An engineer, a mathematician and a physicist walk into a universe. How many dimensions do they find?
The engineer whips out a protractor and straightedge. That’s easy, she says. With her instruments she demonstrates the trio of directions at right angles to each other: length, width and height. “Three,” she reports.
The mathematician gets out his notepad and creates a list of regular, symmetric geometric shapes with perpendicular sides. Squares have four linear edges, he notes. Cubes have six square sides. By extrapolation, hypercubes have eight cubic sides. Continuing the pattern, he realizes that he could keep going forever. “Infinity,” he says.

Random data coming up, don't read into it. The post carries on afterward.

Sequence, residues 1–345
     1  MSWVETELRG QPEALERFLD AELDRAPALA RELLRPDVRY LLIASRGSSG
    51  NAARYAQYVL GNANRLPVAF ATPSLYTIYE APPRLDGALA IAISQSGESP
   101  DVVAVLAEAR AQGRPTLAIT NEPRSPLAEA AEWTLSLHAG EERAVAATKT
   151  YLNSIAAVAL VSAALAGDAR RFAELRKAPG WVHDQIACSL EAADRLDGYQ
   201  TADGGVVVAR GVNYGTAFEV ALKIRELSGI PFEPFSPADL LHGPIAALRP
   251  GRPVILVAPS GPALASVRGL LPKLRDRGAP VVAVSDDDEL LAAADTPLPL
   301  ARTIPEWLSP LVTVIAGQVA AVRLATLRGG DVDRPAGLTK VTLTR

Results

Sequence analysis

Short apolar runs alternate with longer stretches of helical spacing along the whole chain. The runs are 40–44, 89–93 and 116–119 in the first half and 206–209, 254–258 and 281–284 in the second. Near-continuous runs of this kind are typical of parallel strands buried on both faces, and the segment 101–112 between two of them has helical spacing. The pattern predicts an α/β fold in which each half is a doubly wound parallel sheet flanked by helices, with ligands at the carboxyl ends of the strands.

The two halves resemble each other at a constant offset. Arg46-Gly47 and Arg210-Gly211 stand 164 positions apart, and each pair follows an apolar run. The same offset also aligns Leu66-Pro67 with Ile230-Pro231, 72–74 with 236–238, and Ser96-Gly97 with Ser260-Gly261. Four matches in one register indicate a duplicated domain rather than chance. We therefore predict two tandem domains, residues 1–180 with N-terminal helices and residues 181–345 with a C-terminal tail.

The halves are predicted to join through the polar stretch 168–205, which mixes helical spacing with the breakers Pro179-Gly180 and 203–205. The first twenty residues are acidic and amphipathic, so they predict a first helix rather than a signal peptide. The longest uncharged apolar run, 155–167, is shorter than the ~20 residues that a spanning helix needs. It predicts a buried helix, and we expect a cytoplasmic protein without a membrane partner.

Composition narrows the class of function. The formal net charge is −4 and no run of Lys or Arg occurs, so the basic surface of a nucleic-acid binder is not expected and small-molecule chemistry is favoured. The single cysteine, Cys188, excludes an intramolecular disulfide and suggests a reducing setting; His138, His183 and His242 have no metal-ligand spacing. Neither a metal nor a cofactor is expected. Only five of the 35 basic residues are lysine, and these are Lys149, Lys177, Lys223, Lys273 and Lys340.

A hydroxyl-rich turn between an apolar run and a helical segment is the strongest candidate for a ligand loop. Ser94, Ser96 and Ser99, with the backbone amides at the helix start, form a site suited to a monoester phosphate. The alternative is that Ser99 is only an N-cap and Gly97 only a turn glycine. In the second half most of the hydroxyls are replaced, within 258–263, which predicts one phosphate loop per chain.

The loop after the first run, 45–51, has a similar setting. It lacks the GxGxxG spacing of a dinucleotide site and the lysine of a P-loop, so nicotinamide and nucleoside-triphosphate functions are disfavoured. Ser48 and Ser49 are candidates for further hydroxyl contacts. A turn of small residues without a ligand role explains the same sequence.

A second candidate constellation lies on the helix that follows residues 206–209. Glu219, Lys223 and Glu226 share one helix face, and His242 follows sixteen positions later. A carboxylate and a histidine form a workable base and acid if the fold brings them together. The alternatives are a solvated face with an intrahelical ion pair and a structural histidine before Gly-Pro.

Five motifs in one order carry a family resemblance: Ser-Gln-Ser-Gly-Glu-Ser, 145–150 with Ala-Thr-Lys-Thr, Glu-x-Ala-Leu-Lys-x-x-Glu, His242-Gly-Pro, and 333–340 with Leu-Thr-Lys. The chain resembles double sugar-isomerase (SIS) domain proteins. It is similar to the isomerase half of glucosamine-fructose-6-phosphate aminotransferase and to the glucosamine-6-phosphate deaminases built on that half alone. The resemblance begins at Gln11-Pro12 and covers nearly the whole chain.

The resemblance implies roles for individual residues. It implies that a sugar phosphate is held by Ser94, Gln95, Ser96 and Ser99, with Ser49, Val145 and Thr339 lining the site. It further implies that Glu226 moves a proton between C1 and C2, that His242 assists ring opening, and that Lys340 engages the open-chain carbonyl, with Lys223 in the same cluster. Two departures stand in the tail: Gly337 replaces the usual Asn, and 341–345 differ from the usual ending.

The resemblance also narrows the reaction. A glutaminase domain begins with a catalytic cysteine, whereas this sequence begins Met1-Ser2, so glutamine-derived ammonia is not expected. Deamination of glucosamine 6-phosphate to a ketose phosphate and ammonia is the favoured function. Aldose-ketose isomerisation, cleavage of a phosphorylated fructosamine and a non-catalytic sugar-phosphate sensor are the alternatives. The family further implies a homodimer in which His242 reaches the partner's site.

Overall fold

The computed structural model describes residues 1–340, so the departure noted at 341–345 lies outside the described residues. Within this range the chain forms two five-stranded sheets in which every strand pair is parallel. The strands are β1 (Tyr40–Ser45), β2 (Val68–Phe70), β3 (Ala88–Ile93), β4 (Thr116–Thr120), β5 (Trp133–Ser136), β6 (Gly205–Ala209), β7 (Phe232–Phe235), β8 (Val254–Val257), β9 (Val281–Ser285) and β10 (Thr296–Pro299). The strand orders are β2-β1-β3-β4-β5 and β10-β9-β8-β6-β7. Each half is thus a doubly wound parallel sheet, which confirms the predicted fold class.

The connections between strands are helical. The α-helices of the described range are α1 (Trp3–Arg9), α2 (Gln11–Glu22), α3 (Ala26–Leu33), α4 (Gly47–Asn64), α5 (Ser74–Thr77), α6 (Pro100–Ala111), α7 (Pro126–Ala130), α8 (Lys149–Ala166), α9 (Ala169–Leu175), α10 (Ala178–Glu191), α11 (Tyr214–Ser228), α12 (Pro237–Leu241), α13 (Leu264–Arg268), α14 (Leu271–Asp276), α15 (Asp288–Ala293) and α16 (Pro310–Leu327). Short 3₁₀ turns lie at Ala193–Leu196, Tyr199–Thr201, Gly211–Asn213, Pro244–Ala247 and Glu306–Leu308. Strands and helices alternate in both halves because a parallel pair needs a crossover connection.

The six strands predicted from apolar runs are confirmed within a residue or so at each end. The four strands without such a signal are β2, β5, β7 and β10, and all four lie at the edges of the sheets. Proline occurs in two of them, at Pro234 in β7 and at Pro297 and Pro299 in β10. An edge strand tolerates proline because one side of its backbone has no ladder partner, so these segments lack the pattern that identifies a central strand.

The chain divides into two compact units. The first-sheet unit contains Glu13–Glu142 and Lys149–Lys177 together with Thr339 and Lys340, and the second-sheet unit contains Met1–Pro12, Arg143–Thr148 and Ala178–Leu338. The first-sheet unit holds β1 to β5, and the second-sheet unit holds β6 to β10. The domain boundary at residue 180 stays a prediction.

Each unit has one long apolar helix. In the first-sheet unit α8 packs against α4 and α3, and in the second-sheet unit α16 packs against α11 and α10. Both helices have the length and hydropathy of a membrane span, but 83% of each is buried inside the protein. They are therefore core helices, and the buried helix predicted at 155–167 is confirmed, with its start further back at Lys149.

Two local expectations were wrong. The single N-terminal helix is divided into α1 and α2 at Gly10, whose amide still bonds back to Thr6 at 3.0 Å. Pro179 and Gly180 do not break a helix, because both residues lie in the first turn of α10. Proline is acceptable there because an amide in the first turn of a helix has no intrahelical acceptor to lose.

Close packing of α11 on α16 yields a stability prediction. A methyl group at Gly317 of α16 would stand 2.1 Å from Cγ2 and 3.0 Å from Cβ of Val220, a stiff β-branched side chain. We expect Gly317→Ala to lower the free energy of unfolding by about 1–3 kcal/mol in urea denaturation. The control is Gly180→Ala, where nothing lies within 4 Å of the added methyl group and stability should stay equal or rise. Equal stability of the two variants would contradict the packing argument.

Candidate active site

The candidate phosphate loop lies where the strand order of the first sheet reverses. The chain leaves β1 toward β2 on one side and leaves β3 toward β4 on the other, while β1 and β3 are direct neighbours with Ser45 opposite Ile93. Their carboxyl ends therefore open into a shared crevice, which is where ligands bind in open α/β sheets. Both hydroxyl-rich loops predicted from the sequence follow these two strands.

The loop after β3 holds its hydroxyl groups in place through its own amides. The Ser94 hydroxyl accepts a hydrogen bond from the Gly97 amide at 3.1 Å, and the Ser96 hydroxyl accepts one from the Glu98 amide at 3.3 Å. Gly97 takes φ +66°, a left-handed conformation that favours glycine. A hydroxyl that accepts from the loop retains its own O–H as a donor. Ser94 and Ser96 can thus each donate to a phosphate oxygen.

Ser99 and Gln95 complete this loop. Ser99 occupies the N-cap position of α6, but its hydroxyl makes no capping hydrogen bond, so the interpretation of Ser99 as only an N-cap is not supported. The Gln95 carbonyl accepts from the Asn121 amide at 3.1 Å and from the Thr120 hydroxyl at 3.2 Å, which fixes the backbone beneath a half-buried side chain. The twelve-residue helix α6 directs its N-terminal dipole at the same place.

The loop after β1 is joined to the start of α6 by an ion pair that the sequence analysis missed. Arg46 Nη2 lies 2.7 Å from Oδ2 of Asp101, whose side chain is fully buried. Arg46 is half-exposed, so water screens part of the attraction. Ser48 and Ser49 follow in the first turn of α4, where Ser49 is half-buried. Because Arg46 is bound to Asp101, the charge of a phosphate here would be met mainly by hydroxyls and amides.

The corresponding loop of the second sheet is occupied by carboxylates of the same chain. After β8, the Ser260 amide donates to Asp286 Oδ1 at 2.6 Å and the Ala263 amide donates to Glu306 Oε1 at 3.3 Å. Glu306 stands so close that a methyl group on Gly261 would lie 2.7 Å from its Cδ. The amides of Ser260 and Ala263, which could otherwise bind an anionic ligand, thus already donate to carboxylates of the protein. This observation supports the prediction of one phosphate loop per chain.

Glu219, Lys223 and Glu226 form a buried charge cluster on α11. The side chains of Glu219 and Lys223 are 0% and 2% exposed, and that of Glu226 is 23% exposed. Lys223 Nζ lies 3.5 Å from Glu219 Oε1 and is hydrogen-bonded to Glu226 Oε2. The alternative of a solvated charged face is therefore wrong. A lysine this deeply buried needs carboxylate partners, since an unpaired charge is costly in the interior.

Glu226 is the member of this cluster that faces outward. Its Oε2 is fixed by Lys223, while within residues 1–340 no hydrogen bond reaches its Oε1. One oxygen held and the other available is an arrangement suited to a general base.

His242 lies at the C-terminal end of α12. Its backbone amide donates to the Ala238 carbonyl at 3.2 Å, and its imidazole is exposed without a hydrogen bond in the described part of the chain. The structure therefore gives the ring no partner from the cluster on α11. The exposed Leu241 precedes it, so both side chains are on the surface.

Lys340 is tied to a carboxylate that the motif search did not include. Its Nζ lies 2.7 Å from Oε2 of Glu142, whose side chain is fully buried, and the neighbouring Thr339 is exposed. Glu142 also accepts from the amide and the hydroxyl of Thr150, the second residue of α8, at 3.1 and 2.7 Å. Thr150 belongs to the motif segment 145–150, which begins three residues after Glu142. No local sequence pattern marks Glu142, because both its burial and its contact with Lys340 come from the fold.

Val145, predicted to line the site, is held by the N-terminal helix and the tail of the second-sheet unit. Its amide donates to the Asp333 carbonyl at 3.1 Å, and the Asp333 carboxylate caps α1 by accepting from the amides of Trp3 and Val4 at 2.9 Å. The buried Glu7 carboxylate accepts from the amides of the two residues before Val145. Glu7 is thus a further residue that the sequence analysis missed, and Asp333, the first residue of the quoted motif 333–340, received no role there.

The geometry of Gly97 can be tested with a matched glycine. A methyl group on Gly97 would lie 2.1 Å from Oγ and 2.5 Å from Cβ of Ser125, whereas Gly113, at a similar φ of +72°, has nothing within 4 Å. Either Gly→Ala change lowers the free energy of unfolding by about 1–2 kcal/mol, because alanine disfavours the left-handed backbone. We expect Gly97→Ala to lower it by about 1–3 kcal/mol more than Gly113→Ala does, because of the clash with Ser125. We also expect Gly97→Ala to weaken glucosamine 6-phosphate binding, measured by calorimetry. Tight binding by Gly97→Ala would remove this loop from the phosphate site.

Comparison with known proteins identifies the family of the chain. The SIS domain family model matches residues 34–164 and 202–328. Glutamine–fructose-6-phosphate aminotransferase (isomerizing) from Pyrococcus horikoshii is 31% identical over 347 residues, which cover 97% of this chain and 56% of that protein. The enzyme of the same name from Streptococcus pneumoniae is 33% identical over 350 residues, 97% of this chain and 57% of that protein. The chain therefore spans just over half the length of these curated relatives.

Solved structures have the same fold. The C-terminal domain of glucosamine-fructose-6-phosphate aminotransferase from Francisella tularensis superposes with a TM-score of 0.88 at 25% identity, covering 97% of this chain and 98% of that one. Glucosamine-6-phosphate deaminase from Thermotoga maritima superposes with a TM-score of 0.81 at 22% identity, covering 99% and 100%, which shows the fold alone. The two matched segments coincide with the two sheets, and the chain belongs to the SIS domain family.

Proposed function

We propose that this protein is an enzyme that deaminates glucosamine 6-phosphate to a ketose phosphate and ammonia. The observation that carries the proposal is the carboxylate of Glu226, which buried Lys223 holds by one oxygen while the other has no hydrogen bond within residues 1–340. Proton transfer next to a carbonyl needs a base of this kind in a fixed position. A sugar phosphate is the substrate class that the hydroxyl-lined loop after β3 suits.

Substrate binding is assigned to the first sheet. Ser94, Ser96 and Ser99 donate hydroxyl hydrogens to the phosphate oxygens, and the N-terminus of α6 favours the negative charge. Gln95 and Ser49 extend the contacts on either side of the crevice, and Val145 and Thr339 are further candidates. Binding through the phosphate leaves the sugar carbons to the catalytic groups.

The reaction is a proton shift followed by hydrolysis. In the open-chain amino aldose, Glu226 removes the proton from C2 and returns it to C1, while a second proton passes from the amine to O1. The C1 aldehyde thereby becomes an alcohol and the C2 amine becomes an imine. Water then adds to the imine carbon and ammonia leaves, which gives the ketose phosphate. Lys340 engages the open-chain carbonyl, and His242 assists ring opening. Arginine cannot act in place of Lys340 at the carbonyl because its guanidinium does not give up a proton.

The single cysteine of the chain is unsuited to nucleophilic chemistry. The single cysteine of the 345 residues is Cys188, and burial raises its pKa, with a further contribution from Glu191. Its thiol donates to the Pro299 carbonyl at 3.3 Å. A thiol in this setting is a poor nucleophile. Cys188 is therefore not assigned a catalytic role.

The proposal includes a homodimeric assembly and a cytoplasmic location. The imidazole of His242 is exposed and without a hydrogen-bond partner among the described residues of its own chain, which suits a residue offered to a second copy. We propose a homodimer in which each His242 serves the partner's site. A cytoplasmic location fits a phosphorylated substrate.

Credit: Sven Geier/Flickr, under a Creative Commons license.
Finally it is the physicist’s turn. She gazes at the stars and carefully records their behavior. She determines that they attract each other through gravity, which drops off as the square of their mutual distances—an indication, she thinks, of three dimensions. However, once she derives the equation for how their light moves through space, she finds that it is best expressed in four dimensions. Then, after much thought, she tries to think of ways to describe gravity and light in a common theory, which seems to require at least ten ...